Earlier this month, ESU released its annual Clery Crime and Fire Statistics Publication, mostly known as the Clery Report. The report documents all reported crimes on and around campus from the last three years.
Though most of the frequent offenses on campus are liquor and drug law violations, there was a significant decrease in alcohol-related arrests and disciplinary referrals between 2017 and 2018.
According to the report, 17 on-campus liquor law-related arrests occurred last year, compared to the 65 arrests in 2017. In 2018, the number of on-campus disciplinary referrals for liquor laws, which are handled by student conduct, dropped from 105 in 2017 to 35.
“In the alcohol area, we are trying to use the student conduct [code] rather than the criminal process,” said William Parrish, chief of campus police. “We all know what happens in colleges. We want to curb that behavior, especially due to some of the conduct that happens when they are under the influence.”
As of this semester, students are allowed to have alcohol in their dorms as long as that alcohol is only consumed in their dorms and not in the presence of anyone under 21.
But Parrish said he believes the new guideline will not have a significant impact on liquor law violations– at least from the viewpoint of Campus Police.
“When [campus police] get involved in an alcohol violation it’s not because of the drinking per se, it’s because of the conduct of the student who has abused alcohol,” he said. “I don’t know now that that would change now that a 21-year-old can drink on campus. They may have been watching a football game and had a beer, but we never heard about it because their behavior didn’t call our attention to it.”
Cassandra Bediako, a resident assistant in Lenape Hall, said it’s harder to catch alcohol violations now that the new guideline has been announced.
“If you see an alcohol bottle in the garbage can, you don’t know whose room it’s coming from, so you really can’t do much about it,” she said.
There were increases in two violent crimes: aggravated assault cases rose from 0 in 2017 to 2 last year and rape increased from 3 reports to 5 in 2018. The number of on-campus robberies decreased from 4 in 2017 to 0 on-campus and on the bordering streets. There were five reported campus burglaries, one of which was in student housing.
The drug law arrests and disciplinary referrals had a slight decrease between 2017 and 2018. There 20 arrests on-campus student housing in 2018, compared to 23 in 2017. There was a slight increase in campus drug law arrests. That number rose from 30 in 2017 to 32.
For violence against women, there were two reported acts of dating violence which the report defines as an act of violence by a person who is or has been in a social relationship of a romantic or intimate nature with the victim, eight instances of domestic violence and one act of stalking.
Dating violence offenses have remained constant with two reports in 2017 and 2018, but acts of domestic violence have risen from five in 2017 to seven in 2018.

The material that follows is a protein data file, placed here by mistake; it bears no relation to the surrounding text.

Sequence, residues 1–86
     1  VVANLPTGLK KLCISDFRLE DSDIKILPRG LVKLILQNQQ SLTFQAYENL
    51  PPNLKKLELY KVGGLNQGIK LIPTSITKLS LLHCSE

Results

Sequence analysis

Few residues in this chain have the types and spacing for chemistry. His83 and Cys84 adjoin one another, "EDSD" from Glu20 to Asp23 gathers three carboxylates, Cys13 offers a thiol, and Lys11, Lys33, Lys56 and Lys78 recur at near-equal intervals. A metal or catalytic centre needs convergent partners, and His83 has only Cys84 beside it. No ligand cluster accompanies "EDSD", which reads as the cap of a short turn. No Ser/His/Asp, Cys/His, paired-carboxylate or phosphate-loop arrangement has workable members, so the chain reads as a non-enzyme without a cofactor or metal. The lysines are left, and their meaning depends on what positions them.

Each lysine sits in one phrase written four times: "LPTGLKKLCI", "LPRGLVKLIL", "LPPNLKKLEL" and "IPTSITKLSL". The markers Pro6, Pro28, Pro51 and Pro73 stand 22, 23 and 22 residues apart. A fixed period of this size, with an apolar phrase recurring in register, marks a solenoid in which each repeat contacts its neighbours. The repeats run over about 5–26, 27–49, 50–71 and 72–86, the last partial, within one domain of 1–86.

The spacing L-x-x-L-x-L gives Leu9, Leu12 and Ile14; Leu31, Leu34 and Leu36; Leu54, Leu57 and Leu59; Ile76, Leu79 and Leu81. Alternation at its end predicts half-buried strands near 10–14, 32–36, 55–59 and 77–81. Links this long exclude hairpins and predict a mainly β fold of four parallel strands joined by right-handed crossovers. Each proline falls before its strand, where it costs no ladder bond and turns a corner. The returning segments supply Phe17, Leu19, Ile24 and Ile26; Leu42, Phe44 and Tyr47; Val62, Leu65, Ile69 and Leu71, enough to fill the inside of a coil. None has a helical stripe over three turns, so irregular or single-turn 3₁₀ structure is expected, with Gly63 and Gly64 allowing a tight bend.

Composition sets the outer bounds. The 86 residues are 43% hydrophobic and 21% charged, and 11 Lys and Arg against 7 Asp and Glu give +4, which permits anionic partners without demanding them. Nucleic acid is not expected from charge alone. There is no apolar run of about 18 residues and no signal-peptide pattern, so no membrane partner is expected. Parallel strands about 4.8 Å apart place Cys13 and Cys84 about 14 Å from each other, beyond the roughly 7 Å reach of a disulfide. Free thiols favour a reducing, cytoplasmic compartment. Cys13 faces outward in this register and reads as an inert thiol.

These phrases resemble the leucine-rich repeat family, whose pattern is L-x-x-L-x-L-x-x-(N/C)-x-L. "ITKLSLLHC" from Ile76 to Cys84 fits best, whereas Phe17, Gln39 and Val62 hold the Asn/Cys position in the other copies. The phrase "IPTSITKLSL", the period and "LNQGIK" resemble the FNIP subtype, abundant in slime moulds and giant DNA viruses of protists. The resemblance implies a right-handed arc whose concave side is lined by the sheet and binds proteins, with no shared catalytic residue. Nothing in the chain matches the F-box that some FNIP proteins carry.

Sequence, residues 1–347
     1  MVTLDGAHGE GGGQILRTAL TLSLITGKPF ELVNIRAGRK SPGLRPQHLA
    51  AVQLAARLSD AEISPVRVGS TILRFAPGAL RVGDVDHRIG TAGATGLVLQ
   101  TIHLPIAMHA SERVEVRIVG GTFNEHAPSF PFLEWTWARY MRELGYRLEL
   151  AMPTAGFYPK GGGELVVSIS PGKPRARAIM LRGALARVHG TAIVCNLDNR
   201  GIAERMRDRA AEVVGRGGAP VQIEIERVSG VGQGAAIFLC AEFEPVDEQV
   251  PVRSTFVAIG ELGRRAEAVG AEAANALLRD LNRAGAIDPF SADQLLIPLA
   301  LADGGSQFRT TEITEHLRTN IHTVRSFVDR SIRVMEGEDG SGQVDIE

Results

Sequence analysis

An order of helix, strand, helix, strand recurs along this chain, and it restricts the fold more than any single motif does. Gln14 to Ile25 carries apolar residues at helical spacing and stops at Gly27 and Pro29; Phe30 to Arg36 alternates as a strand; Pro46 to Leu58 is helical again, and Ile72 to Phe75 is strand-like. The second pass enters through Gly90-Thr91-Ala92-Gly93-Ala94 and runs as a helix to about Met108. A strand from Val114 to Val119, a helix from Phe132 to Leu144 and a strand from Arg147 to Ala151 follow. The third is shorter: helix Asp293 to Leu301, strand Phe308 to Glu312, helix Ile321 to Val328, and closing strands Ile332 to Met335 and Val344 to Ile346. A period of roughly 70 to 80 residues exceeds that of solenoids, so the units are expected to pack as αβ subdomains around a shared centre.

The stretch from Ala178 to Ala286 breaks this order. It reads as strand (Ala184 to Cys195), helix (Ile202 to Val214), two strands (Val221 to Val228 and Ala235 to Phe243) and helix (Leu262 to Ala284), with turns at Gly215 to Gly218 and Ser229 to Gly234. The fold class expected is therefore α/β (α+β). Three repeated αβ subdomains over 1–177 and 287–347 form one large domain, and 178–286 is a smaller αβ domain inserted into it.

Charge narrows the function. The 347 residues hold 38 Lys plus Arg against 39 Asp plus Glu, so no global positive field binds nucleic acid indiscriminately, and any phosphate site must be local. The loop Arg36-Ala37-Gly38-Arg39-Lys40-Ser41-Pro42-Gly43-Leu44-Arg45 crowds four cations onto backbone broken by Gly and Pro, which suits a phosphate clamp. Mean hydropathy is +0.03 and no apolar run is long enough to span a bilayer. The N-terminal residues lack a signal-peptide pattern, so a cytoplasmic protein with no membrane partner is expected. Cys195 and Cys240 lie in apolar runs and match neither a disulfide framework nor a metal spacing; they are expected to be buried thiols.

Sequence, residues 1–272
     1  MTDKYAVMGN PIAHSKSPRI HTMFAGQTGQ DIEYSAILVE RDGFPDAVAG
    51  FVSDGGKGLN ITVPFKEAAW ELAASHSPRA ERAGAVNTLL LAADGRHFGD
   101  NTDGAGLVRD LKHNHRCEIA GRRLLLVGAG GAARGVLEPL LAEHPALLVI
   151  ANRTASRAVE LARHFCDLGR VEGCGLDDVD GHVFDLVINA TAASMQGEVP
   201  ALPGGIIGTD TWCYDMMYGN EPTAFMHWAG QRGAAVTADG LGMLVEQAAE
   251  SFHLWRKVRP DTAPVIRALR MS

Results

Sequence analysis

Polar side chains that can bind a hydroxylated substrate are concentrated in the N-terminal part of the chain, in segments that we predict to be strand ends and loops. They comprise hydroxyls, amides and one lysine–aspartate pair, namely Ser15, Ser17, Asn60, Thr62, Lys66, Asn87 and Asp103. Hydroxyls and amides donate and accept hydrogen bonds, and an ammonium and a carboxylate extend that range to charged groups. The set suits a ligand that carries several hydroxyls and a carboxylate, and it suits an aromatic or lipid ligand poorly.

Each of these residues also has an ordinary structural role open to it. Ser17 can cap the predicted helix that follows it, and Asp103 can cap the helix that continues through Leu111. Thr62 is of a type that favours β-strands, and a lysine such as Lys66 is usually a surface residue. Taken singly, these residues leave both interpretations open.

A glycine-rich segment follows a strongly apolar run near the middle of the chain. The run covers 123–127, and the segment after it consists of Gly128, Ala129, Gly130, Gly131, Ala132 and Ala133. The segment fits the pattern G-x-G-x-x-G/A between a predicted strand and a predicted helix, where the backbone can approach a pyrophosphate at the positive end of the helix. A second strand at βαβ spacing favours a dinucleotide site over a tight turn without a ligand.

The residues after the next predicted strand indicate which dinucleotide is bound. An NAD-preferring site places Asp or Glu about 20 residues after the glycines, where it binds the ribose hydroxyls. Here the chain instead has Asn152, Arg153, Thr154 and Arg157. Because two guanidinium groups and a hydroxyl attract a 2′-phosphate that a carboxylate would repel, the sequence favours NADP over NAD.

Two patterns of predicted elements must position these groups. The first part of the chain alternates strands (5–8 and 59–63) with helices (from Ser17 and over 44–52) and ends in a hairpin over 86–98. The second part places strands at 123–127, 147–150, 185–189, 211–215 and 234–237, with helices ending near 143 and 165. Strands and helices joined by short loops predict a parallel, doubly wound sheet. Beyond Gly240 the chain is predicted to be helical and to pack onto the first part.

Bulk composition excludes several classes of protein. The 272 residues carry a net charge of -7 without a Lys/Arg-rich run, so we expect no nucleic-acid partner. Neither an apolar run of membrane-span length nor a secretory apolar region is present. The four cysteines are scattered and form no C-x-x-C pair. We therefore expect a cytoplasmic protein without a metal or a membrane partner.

“I find it interesting that dating violence had stayed consistent [even though] domestic violence has risen,” said Airyanna Elkins, junior. “To me, that most likely means that ESU is not taking dating violence as serious as domestic violence. I don’t understand the separation at all.”
Linden Hall had the highest number of fire alarms in 2018. However, even though they had 12 alarms, only one turned out to be an actual fire involving an electrical/ ballast issue. Two buildings in the University Ridge and Sycamore suites also had actual fires, all of which were stove fires.
Some local institutions seem to be faring worse when it comes to certain crimes. Nearby Moravian College, in Bethlehem, Pa., for instance, recorded eight rapes and four burglaries on its 2019 Clery report, but Moravian’s enrollment is less than one-third of ESU’s, making the rates of crime significantly higher.
According to Parrish, the university received several hundred thousand dollars’ worths of equipment that will have a significant upgrade to its video cameras. The upgrades will enable the cameras to looks for certain crime characteristics in certain areas and will send a test message to the police, alerting them to suspicious activity.
“Once that’s in place, I anticipate even more cameras rolling out to take advantage of that server and so forth,” Parrish said.
Campus police now have student interns who are available to give safety rides at students’ request. According to Parrish, the interns were added to help students feel more comfortable when getting a safe ride.
“Maybe you don’t want to ride with a police officer when you’ve had something to drink and you’re 19,” he said. “We’re not looking for drunks to arrest, but who’s going to trust us if they are 19 and drinking. So, a student can get them safely.”
The department also hired three additional officers and are looking to establish a better relationship between campus police and the students.
“When there’s a dispute or when there’s trouble afoot, students are still reluctant to call the police in advance of a serious incident,” Parrish said. “We get called thereafter the violence and that’s discouraging at times because have we of gotten there a few minutes earlier maybe we could have prevented something from happening. So, that’s where that bond is crucial.”
To read the full Clery report visit www.esu.edu/university_police
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